The Obvious Choice. (photo courtesy: forums.vwvortex.com)
TTAC Commentator writes:
Hello Sajeev! Very long time reader, but first time I’ve ever reached out. To start, I happen to be a huge RWD ford fan, (I’m actually helping my best friend put together his 94 mark viii). Now with your interest gained… (Read More…)
(photo courtesy: autozone.com)
Hey Sajeev, I got one for you.
Several engines nowadays are set up to operate on half their cylinders under light-load conditions. Would the design considerations for piston rings vary from those normally used for such cylinders that are only used part-time? The question arises in the context of a 2009 V6 Accord that is currently in the Honda dealer’s shop to have the piston rings replaced at the manufacturer’s expense to cure a continual oil consumption and spark plug fouling problem.
General Motors’ powertrain engineers have undoubtedly demonstrated with the LS family of V8 engines that pushrods still have a place in the 21st century. As successful and popular as the LS has been, I don’t think it’s much of stretch to assume that the new LT1 V8 in the all new seventh generation Corvette will eventually replace the LS engine in its various permutations and applications. The LT1, still a cam in block engine, and still with Ed Cole’s 4.40 inch bore centers, adds direct injection to the Small Block Chevy heritage. The LS family has also been popular as crate motors, used by customizers and high performance enthusiasts as well as with a small industry of companies that specialize in high performance GM products. While you can buy a LS from General Motors with up to 638 horsepower, if that just doesn’t satisfy your need for speed, companies like Callaway, Lingenfelter and Hennessey have shown that the LS engine’s basic architecture is capable of putting out almost twice that power. After talking with Ken Lingenfelter about the new Corvette, I wonder, though, just how tuner-friendly the new LT1 will be. (Read More…)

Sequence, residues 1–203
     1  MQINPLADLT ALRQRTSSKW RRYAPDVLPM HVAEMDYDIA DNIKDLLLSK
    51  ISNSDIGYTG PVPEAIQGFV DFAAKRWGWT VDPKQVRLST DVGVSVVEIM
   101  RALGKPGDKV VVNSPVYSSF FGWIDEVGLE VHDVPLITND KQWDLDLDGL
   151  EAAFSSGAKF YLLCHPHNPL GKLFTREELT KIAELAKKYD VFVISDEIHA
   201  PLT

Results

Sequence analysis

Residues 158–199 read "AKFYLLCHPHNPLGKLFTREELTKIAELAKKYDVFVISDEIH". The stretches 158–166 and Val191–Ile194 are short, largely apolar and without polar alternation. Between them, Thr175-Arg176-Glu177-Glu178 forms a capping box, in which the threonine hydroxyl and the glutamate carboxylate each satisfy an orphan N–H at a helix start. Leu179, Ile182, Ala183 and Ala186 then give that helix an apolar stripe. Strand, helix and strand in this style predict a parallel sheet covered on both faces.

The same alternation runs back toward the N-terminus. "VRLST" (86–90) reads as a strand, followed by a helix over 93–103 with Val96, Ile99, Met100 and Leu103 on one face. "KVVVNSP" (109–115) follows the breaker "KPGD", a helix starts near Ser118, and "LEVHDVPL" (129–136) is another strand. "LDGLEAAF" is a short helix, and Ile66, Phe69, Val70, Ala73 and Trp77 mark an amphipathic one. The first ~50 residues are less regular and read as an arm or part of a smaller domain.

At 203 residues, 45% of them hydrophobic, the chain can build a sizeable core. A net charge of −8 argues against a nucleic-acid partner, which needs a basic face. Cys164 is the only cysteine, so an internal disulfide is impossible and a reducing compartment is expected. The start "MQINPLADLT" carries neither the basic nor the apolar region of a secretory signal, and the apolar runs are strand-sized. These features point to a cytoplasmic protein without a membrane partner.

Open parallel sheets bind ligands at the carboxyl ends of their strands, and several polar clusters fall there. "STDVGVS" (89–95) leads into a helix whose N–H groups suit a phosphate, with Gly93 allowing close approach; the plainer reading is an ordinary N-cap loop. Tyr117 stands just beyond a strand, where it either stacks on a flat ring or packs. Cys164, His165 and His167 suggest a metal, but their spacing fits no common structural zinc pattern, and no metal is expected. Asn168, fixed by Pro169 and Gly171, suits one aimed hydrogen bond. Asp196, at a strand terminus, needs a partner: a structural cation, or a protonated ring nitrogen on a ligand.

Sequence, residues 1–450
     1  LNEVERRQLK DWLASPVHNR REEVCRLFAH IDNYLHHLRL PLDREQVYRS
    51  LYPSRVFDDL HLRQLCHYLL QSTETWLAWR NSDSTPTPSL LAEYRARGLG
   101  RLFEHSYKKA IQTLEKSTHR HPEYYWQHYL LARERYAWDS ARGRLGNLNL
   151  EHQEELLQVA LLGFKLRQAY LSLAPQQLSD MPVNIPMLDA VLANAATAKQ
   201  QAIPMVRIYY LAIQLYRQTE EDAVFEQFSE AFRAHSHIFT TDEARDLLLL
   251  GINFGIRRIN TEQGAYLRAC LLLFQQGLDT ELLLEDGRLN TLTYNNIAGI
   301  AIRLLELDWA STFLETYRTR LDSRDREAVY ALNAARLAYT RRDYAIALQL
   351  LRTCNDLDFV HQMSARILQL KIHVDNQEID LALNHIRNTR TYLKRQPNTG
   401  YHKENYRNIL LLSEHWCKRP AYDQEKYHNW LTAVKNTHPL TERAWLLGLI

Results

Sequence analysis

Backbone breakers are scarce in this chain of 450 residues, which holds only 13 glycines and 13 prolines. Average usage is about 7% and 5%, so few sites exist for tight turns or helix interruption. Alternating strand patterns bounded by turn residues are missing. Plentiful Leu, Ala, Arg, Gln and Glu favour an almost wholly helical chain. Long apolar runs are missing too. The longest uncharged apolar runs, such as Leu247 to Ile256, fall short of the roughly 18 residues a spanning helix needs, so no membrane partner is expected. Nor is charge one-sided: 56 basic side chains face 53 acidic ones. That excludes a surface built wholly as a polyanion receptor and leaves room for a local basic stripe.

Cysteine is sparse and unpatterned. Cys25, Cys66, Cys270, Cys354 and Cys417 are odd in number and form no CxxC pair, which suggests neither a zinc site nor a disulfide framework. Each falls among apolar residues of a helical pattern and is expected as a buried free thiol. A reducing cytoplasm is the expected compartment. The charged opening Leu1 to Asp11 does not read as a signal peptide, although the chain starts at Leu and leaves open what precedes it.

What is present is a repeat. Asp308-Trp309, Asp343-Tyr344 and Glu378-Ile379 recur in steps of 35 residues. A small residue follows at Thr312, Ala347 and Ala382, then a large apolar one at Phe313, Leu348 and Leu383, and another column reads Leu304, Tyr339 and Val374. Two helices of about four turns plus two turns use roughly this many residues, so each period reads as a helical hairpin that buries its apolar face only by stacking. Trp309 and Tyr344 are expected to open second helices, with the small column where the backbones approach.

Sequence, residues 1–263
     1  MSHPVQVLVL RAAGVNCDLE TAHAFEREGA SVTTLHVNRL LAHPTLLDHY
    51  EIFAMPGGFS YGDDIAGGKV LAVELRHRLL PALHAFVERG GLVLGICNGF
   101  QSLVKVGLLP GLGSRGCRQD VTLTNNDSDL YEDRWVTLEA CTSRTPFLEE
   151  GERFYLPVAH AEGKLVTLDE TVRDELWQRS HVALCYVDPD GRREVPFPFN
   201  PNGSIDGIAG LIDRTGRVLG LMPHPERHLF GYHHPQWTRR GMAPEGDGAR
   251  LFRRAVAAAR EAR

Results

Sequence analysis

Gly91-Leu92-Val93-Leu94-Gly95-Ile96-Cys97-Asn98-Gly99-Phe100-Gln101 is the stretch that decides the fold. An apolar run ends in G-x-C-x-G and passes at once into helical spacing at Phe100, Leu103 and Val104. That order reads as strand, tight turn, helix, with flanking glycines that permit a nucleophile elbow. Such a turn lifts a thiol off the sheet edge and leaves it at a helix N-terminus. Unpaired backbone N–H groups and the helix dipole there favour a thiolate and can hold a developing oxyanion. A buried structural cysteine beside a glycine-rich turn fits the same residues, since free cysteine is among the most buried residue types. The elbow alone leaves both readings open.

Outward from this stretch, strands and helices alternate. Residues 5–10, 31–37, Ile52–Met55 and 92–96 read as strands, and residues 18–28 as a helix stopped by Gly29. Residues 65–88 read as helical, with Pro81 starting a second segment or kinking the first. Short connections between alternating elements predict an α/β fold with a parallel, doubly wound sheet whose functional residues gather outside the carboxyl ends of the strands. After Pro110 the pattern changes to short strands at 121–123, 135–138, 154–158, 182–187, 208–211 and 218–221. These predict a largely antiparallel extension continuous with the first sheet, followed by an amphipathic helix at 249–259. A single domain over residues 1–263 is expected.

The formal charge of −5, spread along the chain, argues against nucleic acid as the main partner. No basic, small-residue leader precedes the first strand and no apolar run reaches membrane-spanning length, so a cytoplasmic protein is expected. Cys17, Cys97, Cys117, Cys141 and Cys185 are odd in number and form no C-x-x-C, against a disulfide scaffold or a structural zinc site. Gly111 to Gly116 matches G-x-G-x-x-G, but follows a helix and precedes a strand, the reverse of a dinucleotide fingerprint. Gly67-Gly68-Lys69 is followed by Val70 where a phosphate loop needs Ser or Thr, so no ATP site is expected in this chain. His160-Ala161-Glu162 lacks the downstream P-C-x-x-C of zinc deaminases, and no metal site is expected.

There’s a new small block in town, baby: keeping the spirit of the original 1949 Kettering OHV V8 alive. Piston Slap says the new name is sad: mediocre memories of the Optispark munching, reverse flow coolin’ LT-1 is not a fitting successor to the sheer splendiferousness that was the LSX. Vellum Venom says that the 2006 Ford F-150 called, asking for its fender emblem back. But what’s the real story? (Read More…)